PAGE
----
Romeo Dallaire PTSD

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Throughout the history of the world’s conflict, soldiers have suffered in a multitude of ways. On the battlefields of the American Civil War, both Union and Confederate soldiers witnessed gruesome wounds. In the trenches of World War I, chemical warfare was a constant threat, and a very dangerous one, at that. Most recently, in Afghanistan, Iraq, and Iran, warriors and civilians alike fell victim to a kind of guerilla warfare never before seen; suicide bombings. This was in conjunction with the use of weapons such as landmines that terrorized cities for years after conflict ended. As a result of these horrors, those involved often were afflicted by “shell shock,” “battle fatigue,” or, as it is known today, Post-traumatic stress disorder (PTSD). …show more content…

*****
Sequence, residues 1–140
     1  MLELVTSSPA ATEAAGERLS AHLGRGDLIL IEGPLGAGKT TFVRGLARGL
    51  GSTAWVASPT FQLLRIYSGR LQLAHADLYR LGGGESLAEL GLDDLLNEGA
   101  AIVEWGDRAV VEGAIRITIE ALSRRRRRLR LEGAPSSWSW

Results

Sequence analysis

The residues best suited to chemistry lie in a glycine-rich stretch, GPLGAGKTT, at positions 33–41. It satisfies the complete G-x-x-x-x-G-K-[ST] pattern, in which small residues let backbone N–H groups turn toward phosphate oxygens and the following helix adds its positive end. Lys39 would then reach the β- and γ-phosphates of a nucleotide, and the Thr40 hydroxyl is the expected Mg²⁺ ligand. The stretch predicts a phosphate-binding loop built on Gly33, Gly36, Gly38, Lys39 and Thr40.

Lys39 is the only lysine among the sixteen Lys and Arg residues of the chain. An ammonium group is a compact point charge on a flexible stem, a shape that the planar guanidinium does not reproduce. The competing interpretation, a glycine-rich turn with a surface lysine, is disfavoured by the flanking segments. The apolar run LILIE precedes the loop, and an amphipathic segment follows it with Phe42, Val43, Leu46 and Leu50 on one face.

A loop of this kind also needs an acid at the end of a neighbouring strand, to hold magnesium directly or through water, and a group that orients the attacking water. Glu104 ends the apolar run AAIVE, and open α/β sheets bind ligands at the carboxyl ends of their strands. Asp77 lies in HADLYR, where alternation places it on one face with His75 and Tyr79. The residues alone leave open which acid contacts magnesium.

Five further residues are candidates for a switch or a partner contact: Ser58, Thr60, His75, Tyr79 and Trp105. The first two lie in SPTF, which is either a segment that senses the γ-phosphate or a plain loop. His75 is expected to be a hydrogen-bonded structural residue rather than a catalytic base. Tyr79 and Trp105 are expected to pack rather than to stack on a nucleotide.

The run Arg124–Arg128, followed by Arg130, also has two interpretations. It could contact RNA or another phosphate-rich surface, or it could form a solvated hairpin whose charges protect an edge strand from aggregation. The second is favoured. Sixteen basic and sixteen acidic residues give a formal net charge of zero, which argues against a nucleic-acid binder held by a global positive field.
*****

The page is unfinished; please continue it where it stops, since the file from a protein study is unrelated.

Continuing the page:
Throughout this time, the majority of the attempts were centered around driving, as Dallaire had, according to the article, never truly believed that he would take his own life deliberately. In an effort to keep himself safe, Dallaire, who was aware of his altered mental state, handed his firearms to Maurice Baril, who guards his weapons to this day. Although he did not have any guns to end his life immediately, Dallaire did, certainly, make attempts on it. One of the two examples the article gives is set in April of 2000. “One night after he was medically discharged from the army in April 2000, former Lt.-Gen. Roméo Dallaire drank most of a bottle of scotch in his Hull, Que., apartment before he opened a metal box containing his father's medals and his 50-year-old razor. Very slowly, he began to slice himself, first his thighs, then his arms” (Bethune). Additionally, in June of the same year, Dallaire was found in a nearly comatose state following a binge of scotch and antidepressants, a potentially lethal concoction (Bethune). These are just a few examples of Dallaire’s attempts to commit suicide over two decades, but the fact that both of them occurred in the same year is a testament to the severity of his

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